Forget your favorite NFL team and the millions gathered and spent. And forget your favorite symphony orchestra, if you have one. Just visit your local low end “family” restaurant to see perfect harmony and synchronization. Meals are ordered and prepared in record time. Amid all the hustle and bustle there is ballet feel filling the whole place. To the customer’s eye, everything appears chaotic, disorderly. Tables are quickly bused clean before you exit the door, peculiar orders are honored and your coffee cup is never half empty. (There is a class system to these places as though it’s a government of its own. Only women wait on you. Only young Hispanic men bus your table. Only Hispanic old men cook your food. No other ethic or gender group. The cashier is always an older man unless it’s a female relative. Those are the rules, spoken or otherwise.
There are no “official” rules, just the routine that became a habit. The perfunctory, “How was your meal?” (without caring what your answer is) is met with my usual response, “Fine.” I’m scared to delve deeper and share my personal feelings or thoughts about the meaning of life and so upset the order of things making the cashier look up and see me.
The only referee I see is the old guy sitting in a booth next to the cashier. I don’t think he really cares about anything more than that beautiful sound when the bill is registered. The whole event seems “sudden death” to me as each order is written down, hooked to the carousel and swung around for the old cook to find, finding the prepared dish and swinging it carefully to the table along with plenty of smiles. The only “time out” is the distance between breakfast and lunch and then between lunch and dinner. Even during those times, time is spent filling up salts and peppers and rolling utensils into paper napkins.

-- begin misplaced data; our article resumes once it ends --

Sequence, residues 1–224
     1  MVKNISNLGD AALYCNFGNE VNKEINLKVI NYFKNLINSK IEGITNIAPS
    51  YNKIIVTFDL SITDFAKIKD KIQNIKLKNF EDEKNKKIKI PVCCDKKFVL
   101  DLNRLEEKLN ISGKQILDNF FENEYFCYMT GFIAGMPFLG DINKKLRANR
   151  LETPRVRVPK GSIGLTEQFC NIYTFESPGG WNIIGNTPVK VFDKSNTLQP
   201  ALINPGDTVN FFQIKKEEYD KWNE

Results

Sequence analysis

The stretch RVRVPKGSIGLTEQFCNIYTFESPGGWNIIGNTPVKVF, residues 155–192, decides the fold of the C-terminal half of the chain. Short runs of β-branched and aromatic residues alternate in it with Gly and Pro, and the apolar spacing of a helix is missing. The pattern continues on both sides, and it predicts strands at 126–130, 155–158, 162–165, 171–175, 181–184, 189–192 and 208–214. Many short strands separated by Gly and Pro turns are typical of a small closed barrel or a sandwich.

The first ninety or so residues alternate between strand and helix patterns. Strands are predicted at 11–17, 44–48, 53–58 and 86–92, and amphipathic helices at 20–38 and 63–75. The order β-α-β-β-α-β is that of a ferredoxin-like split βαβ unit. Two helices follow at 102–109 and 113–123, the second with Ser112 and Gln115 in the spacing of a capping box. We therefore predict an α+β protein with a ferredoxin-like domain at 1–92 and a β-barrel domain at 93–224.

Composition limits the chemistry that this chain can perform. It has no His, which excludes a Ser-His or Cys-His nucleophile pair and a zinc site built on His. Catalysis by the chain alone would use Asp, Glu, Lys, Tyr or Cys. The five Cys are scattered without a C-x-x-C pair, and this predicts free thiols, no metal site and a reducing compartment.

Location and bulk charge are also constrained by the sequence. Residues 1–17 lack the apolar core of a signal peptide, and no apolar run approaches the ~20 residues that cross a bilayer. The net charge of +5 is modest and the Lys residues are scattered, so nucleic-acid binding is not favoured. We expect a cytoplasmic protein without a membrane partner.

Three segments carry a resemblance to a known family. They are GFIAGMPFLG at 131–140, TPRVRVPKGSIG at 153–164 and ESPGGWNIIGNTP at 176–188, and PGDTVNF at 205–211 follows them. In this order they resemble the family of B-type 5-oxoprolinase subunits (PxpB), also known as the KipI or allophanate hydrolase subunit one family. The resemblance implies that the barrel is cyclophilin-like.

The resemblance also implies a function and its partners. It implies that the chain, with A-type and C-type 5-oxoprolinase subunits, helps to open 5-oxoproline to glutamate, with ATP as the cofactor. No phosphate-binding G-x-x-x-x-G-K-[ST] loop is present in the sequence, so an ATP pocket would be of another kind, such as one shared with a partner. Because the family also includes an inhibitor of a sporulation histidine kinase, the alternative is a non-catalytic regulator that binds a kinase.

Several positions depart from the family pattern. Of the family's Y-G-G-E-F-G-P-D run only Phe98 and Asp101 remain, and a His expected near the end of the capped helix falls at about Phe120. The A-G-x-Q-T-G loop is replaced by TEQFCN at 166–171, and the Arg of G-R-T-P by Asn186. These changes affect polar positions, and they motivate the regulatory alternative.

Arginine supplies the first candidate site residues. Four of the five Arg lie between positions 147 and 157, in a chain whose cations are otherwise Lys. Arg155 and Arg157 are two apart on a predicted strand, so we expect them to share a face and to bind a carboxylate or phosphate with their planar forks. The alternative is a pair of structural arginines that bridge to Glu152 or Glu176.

The entire staff could easily be called the “working poor.” Did you ever think you’d hear an expression like that in a First World country? A bumper sticker reads, “Instead of spreading the wealth, why not spread the work ethic.” Were is that easy. The work ethic I witness there in one shift is more energy that I expend in a week’s time. It is constant, unending. All for the meager tip given by the working poor who eat there (minus one) for the working poor waitress who serve them.
If the whole experience were shown in slow motion with a beautiful symphony in the background, it would make your jaw drop as you try to say, “Wow!” There is a perfection of work by these “working poor” folks that would envy any “ethic.” The rhythms and the cohesiveness to all these workers who, for a short time, become a unified whole.
How much do they make an hour? How much do tips bring it? Do then have their own bathroom? Locker? I don’t know. But for a $7.00 breakfast along with her smile, my hat is tipped to them all, along with a nice tip for a game well played.